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Michigan Jeweler, Auctioneer Charged with Wire Fraud
Federal investigators allege Detroit-area jeweler Joseph DuMouchelle faked the purchase and sale of a $16.5 million diamond.
Detroit—A prominent Detroit-area jewelry buyer and auctioneer has been charged with wire fraud involving millions of dollars.
A criminal complaint was filed Nov. 8 in the U.S. District Court for the Eastern District of Michigan against Joseph DuMouchelle, the 58-year-old owner of Joseph DuMouchelle Fine & Estate Jewelry Buyers, Sellers, Appraisers and Auctioneers in Birmingham, Michigan.
DuMouchelle is a fourth-generation member of the jewelry industry, according to his website, studying at GIA before working for the family business for a decade and then branching out on his own.
The criminal complaint outlines two situations involving the sale of high-priced items in which DuMouchelle was involved.
The first involves business with a distant family member.
According to court documents, DuMouchelle started doing business with Thomas Ritter, who is related to the brother-in-law of DuMouchelle’s wife, Melinda Adducci.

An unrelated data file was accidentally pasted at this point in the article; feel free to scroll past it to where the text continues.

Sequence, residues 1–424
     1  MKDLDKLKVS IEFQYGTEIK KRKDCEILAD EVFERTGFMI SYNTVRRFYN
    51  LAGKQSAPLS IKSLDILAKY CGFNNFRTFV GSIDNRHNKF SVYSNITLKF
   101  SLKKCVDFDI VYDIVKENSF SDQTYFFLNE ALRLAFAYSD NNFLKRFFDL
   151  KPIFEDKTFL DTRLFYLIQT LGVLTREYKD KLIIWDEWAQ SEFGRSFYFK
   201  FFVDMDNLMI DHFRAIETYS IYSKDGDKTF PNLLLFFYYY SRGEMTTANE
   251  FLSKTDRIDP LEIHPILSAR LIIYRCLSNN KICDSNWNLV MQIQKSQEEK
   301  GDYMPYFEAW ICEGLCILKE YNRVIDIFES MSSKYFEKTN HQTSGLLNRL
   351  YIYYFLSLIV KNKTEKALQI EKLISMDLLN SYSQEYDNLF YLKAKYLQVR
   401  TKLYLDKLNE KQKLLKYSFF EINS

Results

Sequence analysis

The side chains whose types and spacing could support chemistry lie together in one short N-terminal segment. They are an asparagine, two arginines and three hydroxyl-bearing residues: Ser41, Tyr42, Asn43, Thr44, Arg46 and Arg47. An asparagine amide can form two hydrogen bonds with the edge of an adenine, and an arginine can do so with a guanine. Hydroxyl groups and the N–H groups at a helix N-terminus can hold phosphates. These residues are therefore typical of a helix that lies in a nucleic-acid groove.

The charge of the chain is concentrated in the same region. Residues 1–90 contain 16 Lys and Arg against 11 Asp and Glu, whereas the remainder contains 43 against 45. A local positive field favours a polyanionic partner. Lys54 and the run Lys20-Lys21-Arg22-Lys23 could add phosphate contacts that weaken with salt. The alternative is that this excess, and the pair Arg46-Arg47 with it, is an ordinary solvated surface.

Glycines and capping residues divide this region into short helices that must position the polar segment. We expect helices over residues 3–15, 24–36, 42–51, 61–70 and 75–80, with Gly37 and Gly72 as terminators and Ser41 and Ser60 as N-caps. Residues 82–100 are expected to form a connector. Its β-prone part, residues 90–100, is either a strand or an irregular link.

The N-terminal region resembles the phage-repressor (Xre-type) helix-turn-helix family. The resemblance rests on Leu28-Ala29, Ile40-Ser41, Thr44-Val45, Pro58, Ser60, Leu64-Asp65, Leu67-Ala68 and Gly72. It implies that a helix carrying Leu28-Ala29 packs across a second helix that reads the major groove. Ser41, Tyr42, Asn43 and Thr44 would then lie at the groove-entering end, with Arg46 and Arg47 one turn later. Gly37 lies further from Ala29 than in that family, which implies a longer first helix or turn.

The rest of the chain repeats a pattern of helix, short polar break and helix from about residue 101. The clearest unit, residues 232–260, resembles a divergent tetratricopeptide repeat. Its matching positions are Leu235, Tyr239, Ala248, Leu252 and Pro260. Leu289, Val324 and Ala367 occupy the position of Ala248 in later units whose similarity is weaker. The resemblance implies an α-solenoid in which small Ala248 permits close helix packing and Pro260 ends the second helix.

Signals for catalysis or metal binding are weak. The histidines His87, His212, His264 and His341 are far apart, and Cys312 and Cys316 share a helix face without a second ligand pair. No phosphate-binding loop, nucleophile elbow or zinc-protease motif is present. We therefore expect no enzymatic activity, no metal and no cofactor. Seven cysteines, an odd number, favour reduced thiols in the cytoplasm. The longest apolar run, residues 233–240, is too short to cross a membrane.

Ritter would give DuMouchelle money to purchase pieces of jewelry, and they would split the profits once the piece was sold.
The complaint states that by December 2018, the latter owed Ritter about $430,000.
In January, Ritter contacted DuMouchelle to collect but instead of paying, the jeweler presented him with an opportunity to make more money: buy and resell “The Yellow Rose Diamond,” a 77.12-carat, VS2 natural fancy vivid yellow diamond.
According to the complaint, DuMochelle told Ritter they could buy the stone for $12 million and sell it for $16 million.
Ritter agreed; he was to receive 75 percent of the profit, while DuMouchelle would get the remaining 25 percent. Ritter also indicated he wanted to wire transfer the $12 million directly to the seller of the Yellow Rose.
DuMouchelle approached Richard Drucker of Gemworld International to prepare a report on The Yellow Rose Diamond, which Drucker did.